In residential treatment, people live in a controlled, safe place with minimal stress and substance use triggers. At some facilities, nutrition assistance and meal planning are available in addition to various recreational and wellness activities.

Methadone Addiction Treatment Centers in Washington

Medical professionals can help someone determine the level of care that is ideal. Several choices for methadone addiction treatment are accessible in Washington. Upon making a decision regarding a treatment facility, common considerations are:

  • Accessibility (both financially and geographically)
  • State licensure
  • Availability of aftercare planning and support
  • Recommendations from past clients
  • Variety of services provided
  • Ability to treat co-existing behavioral or medical conditions

Integrated treatment is associated with recovery success, and involves treatment for substance use and mental health disorders at the same time, rather than treating them separately. People with both conditions can benefit from receiving mental health care during substance use treatment.

How Much Does Methadone Rehab Cost?

Inpatient treatment is usually more expensive than outpatient treatment because the level of care is higher. Inpatient facilities provide around-the-clock care, along with meals and housing. It is important for each person to receive the appropriate level of care the first time around so that additional treatment is not necessary.

Does Insurance Cover Rehab for Methadone Addiction?

Each person’s insurance plan varies. Different insurance plans cover certain, or all, aspects of therapy so people interested in addiction treatment should consult with their insurance provider to learn the details of their plan. The Recovery Village Ridgefield accepts many insurance plans that cover both inpatient and outpatient treatment.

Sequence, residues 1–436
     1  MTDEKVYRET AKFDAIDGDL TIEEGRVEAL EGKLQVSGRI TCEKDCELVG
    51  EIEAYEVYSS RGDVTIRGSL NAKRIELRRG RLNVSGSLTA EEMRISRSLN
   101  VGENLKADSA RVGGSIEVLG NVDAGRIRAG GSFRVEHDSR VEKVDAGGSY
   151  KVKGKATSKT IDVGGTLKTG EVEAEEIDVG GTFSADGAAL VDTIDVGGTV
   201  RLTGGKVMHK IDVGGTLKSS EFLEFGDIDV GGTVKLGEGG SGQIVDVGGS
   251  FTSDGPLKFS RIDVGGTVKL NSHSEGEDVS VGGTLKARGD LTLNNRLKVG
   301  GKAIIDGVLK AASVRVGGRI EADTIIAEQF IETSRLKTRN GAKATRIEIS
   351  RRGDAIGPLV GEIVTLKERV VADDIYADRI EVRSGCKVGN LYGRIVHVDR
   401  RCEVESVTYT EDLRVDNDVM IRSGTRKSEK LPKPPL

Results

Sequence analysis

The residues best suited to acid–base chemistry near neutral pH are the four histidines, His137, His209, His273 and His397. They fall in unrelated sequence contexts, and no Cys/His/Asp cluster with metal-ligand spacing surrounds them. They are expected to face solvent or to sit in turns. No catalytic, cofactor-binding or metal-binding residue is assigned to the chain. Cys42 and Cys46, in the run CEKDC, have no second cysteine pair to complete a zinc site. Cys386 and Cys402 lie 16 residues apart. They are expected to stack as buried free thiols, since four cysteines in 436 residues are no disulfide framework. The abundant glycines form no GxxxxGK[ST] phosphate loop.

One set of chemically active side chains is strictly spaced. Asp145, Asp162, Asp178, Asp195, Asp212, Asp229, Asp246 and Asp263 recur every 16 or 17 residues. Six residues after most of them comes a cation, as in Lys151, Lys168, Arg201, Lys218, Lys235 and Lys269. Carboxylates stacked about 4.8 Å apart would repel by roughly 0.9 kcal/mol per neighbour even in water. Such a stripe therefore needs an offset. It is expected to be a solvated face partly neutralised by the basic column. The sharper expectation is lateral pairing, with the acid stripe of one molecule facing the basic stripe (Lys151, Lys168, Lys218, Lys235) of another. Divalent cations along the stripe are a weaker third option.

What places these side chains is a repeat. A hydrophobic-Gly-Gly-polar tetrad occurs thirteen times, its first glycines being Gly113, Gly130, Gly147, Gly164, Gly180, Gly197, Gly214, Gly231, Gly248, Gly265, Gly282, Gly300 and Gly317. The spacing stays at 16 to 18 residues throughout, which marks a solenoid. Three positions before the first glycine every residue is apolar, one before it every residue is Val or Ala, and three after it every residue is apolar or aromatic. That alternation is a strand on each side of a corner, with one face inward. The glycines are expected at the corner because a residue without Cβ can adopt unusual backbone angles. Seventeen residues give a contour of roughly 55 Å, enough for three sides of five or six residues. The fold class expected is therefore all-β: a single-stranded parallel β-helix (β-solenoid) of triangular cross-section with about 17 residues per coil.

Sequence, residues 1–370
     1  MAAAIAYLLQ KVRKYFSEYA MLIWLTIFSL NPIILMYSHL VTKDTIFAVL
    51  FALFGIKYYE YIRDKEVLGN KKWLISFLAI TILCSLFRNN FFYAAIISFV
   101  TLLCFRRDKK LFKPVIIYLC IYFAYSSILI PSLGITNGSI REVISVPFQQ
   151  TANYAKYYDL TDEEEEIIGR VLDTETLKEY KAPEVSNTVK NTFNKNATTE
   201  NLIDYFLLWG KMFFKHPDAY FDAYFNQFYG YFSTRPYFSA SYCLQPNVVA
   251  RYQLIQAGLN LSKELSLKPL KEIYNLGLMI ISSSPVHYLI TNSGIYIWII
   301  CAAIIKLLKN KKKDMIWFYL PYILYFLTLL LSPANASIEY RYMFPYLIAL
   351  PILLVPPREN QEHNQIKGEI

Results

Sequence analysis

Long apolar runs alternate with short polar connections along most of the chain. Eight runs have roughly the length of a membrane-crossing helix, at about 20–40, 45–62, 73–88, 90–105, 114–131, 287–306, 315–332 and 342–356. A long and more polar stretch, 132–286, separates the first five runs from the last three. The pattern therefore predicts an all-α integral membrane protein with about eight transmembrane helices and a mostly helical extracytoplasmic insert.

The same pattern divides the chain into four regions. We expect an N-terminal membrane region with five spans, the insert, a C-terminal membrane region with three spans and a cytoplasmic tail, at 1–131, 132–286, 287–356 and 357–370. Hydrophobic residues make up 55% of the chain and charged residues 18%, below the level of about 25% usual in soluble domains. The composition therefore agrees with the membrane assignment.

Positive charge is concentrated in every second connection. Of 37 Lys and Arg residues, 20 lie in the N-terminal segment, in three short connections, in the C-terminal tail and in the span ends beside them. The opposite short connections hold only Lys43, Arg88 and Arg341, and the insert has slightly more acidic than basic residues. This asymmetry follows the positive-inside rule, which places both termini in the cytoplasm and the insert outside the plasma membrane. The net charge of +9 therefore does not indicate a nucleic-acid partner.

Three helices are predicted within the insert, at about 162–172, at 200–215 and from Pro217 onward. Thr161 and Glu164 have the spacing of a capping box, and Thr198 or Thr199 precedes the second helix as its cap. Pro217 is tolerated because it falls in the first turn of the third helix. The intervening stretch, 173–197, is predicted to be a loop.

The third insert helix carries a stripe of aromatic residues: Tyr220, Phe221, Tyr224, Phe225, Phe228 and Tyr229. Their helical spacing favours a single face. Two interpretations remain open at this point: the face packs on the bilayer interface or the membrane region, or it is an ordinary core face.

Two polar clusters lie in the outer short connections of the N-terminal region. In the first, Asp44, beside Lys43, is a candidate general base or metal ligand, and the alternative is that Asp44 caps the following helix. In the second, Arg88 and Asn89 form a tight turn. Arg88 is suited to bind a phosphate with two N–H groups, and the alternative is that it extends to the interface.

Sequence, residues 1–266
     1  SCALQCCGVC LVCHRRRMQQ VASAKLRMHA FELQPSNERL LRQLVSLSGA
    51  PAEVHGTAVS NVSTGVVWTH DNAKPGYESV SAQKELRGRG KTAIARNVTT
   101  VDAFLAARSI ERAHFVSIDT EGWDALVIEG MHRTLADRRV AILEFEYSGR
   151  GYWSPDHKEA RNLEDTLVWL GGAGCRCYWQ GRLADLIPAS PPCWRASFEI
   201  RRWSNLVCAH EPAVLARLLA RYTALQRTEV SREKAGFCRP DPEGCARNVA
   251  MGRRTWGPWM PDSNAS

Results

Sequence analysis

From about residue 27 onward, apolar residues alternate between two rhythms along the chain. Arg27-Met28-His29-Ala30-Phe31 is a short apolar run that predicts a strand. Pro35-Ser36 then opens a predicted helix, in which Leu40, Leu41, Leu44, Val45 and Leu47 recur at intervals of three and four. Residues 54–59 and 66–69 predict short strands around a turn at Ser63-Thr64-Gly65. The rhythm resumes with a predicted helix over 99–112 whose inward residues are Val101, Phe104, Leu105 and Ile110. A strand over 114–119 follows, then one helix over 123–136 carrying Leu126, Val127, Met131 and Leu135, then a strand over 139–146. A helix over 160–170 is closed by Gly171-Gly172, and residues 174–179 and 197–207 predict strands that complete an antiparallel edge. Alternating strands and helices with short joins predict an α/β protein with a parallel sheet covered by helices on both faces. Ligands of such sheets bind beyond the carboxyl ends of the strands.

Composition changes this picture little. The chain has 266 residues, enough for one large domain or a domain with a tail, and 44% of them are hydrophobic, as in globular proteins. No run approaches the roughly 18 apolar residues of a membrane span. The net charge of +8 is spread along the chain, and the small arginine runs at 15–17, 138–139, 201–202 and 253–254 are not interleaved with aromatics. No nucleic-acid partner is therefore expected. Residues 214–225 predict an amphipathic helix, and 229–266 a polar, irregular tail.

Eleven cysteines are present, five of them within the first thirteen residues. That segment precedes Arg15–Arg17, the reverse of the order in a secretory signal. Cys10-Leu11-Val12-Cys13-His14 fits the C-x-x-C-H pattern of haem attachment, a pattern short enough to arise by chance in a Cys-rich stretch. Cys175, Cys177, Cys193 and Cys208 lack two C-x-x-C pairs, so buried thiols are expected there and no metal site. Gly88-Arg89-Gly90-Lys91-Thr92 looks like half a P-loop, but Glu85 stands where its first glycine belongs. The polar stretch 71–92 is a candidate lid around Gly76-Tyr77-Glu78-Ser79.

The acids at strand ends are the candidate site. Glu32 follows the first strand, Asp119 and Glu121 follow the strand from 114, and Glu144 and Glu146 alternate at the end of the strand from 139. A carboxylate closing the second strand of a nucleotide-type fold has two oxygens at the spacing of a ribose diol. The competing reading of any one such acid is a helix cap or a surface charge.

If you or a loved one are ready to take the first step toward a healthier future, call The Recovery Village Ridgefield today. Learn how personalized addiction treatment programs can address substance use disorders and any co-occurring mental health disorders.


DailyMed. “Methadone hydrochloride (oral concentrate).” December 19, 2018. Accessed May 14, 2019.

Henry J Kaiser Family Foundation. “Opioid Overdose Deaths by Type of Opioid.” Accessed May 14, 2019.

Timko, Christine. “Patient and Program Factors that Bridge the Detoxification-Treatment Gap: A Structured Evidence Review.” Journal of Substance Abuse Treatment, May 2015. Accessed May 13, 2019.

Kelly, TM and Daley DC.Integrated Treatment of Substance Use and Psychiatric Disorders.” Social Work Public Health, August 26, 2013. Accessed May 13, 2019.

Medical Disclaimer: The Recovery Village aims to improve the quality of life for people struggling with a substance use or mental health disorder with fact-based content about the nature of behavioral health conditions, treatment options and their related outcomes. We publish material that is researched, cited, edited and reviewed by licensed medical professionals. The information we provide is not intended to be a substitute for professional medical advice, diagnosis or treatment. It should not be used in place of the advice of your physician or other qualified healthcare provider.